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Historical trace element accumulation in marine sediments from the Tamaulipas shelf, Gulf of Mexico: An assessment of natural vs anthropogenic inputs

Celis-Hernandez, Omar, Rosales-Hoz, Leticia, Cundy, Andrew B., Carranza-Edwards, Arturo, Croudace, Ian W., Hernandez-Hernandez, Hector
The Science of the total environment 2018 v.622-623 pp. 325-336
adverse effects, anthropogenic activities, aquatic environment, barium, calcium oxide, chromium, copper, coral reefs, drilling, environmental impact, fisheries, heavy metals, hosts, lead, mangrove forests, marine ecosystems, marine sediments, oil fields, oils, petroleum, refining, seagrasses, sediment contamination, vanadium, zinc, zirconium, Gulf of Mexico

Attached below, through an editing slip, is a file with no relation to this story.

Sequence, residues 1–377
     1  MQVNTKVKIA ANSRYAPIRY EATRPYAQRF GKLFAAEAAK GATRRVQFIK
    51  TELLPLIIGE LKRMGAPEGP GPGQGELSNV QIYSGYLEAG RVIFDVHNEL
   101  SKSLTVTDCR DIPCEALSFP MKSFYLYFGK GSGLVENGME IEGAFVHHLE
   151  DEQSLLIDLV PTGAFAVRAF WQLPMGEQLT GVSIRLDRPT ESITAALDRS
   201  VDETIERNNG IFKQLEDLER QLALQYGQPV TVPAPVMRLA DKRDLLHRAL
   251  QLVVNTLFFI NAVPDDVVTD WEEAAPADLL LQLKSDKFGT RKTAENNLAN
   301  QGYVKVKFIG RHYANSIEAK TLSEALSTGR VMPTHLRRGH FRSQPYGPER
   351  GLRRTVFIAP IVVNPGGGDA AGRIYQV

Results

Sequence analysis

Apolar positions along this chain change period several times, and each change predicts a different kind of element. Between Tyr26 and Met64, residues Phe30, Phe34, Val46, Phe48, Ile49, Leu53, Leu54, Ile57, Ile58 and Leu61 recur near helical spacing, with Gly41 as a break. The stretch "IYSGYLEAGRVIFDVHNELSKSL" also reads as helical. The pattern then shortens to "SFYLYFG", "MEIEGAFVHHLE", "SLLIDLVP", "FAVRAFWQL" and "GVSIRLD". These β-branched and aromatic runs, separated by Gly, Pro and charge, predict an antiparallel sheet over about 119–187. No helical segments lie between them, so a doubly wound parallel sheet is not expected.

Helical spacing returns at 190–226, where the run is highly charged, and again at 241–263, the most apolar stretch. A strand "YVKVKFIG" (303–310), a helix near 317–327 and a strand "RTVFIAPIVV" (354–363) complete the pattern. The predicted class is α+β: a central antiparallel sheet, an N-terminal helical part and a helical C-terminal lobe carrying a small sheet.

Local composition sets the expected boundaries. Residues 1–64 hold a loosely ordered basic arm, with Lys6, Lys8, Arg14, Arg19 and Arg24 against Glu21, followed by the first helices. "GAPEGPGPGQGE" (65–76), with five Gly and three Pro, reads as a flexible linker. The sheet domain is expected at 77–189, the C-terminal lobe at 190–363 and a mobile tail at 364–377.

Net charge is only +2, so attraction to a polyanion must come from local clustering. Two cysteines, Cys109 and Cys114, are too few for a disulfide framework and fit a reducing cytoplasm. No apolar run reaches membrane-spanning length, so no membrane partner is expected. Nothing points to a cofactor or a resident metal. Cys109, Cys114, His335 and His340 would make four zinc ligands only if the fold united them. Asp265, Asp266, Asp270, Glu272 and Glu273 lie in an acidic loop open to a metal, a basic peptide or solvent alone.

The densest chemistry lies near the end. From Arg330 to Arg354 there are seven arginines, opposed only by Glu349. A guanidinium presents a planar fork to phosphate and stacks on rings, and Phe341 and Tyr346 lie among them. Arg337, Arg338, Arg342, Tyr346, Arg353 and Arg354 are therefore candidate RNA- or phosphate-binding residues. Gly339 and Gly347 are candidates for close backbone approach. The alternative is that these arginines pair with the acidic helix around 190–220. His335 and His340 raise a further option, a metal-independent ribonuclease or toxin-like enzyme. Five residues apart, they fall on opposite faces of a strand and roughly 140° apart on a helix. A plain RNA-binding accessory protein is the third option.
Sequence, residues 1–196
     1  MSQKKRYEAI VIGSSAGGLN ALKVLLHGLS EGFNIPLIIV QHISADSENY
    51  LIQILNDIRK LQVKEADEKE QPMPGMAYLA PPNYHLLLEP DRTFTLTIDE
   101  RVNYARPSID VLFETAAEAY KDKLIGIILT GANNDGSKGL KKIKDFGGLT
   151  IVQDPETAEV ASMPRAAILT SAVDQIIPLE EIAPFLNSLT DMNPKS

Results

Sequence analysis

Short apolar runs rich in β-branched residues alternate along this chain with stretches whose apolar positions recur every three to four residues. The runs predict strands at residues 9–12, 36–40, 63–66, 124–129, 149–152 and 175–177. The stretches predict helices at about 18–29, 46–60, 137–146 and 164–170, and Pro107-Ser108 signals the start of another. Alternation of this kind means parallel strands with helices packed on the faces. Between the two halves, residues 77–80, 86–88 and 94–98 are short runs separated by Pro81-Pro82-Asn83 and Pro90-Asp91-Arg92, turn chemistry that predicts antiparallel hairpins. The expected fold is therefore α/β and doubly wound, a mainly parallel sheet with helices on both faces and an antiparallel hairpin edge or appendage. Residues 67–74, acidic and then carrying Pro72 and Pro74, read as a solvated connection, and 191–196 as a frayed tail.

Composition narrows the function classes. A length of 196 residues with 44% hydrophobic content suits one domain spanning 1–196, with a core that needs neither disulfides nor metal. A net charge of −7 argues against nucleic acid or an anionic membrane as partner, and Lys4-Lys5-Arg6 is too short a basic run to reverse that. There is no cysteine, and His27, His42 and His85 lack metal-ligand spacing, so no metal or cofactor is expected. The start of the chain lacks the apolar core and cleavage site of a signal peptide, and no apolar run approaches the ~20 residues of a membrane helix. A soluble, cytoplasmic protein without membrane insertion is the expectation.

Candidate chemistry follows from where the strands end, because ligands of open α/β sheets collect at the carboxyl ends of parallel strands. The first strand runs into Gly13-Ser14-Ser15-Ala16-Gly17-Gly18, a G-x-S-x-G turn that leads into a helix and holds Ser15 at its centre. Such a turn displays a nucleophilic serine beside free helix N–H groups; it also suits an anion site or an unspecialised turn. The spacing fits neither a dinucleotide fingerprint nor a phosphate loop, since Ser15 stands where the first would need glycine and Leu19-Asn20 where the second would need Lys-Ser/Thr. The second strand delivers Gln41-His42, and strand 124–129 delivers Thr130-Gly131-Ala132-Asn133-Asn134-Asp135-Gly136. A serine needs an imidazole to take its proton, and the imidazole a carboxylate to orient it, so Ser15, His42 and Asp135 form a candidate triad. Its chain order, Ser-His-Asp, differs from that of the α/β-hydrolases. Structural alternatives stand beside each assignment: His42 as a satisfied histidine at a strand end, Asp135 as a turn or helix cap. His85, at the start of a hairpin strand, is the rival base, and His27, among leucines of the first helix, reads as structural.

The Gulf of Mexico is considered one of the world's major marine ecosystems, supporting important fisheries and habitats such as barrier islands, mangrove forests, seagrass beds, coral reefs etc. It also hosts a range of complex offshore petroleum exploration, extraction, and refining industries, which may have chronic or acute impacts on ecosystem functioning. Previous work on the marine effects of this activity is geographically incomplete, and has tended to focus on direct hydrocarbon impacts, while impacts from other related contaminants (e.g. heavy metals, salt-rich drilling muds) which may be discharged from oil facilities have not been widely assessed. Here, we examine historical trace element accumulation in marine sediments collected from four sites in the Tamaulipas shelf, Gulf of Mexico, in the area of the Arenque oil field. Dated sediment cores were used to examine the sources, and historical and contemporary inputs, of trace metals (including those typically present in oil industry discharges) and their potential biological impact in the Tamaulipas aquatic environment over the last 100years. CaO (i.e. biogenic component) normalized data showed increasing V, Cr, Zn, Cu, Pb, Zr and Ba towards the sediment surface in three of the four cores, with Ba and V (based on an adverse effect index) possibly associated with adverse effects on organisms. Dated Ba/CaO profiles show an increase of 30–137% after opening of oil installations in the study area, and can be broadly correlated with increasing oil industry activities across the wider Gulf of Mexico. Data do not record however a clear enhancement of Ba concentration in sediment cores collected near to oil platforms over more distal cores, indicating that any Ba released from drilling platforms is incorporated quickly into the sediments around the drilling sites, and once this element has been deposited its rate of resuspension and mobility is low.Sediment core data from the Tamaulipas shelf show the influence of oil industry activities on selected trace element concentrations, with Ba/CaO broadly correlating with increasing oil industry activities across the wider Gulf of Mexico.